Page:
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Big-Government Conservatism

From the August 15, 2003 Wall Street Journal: How George W. Bush squares the fiscally expansive / conservative circle.

12:00 AM, Aug 18, 2003 • By FRED BARNES
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A second trait is a programmatic bent. Big government conservatives prefer to be in favor of things because that puts them on the political offensive. Promoting spending cuts/minimalist government doesn't do that. Bush has famously defined himself as a compassionate conservative with a positive agenda. Almost by definition, this makes him a big government conservative. His most ambitious program is his faith-based initiative. It would use government funds to expand social programs run by religious organizations. Many of them have been effective in fighting drug/alcohol addiction and helping lift people out of poverty. So far, the initiative has had only a small impact, its scope limited by Congress.

Another trait is a far more benign view of government than traditional conservatives have. Big government conservatives are favorably disposed toward what neoconservative Irving Kristol has called a "conservative welfare state." (Neocons tend to be big government conservatives.) This means they support transfer payments that have a neutral or beneficial effect (Social Security, Medicare, Medicaid) and oppose those that subsidize bad behavior (welfare). Bush wants to reform Social Security and Medicare but not shrink either.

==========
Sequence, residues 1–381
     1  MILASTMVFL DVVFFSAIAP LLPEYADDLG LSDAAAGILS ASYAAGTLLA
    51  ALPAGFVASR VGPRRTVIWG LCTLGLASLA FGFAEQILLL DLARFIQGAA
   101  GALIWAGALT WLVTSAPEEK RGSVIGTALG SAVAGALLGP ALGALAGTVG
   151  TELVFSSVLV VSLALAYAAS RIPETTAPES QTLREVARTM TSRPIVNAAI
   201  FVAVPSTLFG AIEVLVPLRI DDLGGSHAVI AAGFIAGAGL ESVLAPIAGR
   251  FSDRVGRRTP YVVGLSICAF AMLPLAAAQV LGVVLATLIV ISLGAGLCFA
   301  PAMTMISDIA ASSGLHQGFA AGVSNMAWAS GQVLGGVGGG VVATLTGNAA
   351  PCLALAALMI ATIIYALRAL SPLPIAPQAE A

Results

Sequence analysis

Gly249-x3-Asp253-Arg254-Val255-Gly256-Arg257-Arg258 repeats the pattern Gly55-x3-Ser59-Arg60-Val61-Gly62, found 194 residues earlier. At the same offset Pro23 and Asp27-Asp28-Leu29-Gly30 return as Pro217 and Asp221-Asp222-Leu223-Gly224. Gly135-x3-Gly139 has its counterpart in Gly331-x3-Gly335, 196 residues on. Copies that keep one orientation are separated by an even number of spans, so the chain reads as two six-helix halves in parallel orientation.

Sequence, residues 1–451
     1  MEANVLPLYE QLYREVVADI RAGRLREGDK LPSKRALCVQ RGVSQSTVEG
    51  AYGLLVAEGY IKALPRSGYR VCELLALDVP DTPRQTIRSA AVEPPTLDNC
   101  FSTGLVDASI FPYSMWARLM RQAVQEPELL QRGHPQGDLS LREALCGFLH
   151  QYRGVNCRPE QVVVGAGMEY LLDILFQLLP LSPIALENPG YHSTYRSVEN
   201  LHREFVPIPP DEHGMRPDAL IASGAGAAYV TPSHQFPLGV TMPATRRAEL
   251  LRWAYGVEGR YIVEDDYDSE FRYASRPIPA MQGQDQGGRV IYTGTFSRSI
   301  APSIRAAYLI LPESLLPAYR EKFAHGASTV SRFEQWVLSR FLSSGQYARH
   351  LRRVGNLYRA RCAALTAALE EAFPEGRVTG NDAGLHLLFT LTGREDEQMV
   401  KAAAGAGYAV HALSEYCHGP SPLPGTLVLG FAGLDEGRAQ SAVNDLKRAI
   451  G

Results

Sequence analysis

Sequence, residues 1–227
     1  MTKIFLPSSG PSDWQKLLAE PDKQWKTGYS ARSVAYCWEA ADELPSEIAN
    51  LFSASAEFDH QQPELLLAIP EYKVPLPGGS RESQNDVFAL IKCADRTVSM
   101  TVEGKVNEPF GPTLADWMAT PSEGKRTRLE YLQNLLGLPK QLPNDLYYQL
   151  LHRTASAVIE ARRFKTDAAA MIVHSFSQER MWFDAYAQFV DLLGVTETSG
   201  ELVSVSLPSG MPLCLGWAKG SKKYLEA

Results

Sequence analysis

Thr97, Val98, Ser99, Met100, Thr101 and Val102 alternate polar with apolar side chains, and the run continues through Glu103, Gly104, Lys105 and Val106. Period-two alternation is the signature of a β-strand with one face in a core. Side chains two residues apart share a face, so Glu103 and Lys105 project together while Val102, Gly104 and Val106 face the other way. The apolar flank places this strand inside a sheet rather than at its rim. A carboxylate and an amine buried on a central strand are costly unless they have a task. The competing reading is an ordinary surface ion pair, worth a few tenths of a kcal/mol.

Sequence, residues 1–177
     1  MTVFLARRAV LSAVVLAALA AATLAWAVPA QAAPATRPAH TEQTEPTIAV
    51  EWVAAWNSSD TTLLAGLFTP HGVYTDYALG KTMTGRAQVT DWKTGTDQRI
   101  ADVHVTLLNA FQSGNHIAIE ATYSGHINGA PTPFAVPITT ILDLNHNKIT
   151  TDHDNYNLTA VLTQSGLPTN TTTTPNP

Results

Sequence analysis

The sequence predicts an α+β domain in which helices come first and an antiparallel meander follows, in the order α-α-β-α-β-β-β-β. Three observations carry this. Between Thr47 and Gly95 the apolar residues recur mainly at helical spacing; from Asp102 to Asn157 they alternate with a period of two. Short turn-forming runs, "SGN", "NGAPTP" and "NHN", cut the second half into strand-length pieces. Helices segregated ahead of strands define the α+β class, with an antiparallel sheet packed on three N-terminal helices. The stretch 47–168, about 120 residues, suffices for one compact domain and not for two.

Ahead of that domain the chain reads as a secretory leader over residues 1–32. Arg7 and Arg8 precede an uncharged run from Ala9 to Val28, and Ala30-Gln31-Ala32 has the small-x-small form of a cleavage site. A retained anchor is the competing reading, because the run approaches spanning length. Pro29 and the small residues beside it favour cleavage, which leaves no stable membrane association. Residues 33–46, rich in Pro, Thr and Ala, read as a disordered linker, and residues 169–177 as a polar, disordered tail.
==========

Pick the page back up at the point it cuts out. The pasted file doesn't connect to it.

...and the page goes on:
Bush has never put a name on his political philosophy, though he once joked that it was based on the premise that you could fool some of the people all of the time and he intended to concentrate on those people. An aide characterized Bushism as "an activist, reforming conservatism that recognizes it's sometimes necessary to use the power of the government to change the status quo." I doubt that Bush would put it that way, but at least it distinguishes him from the ordinary run of conservatives. He's a different breed.

Fred Barnes is the executive editor of The Weekly Standard.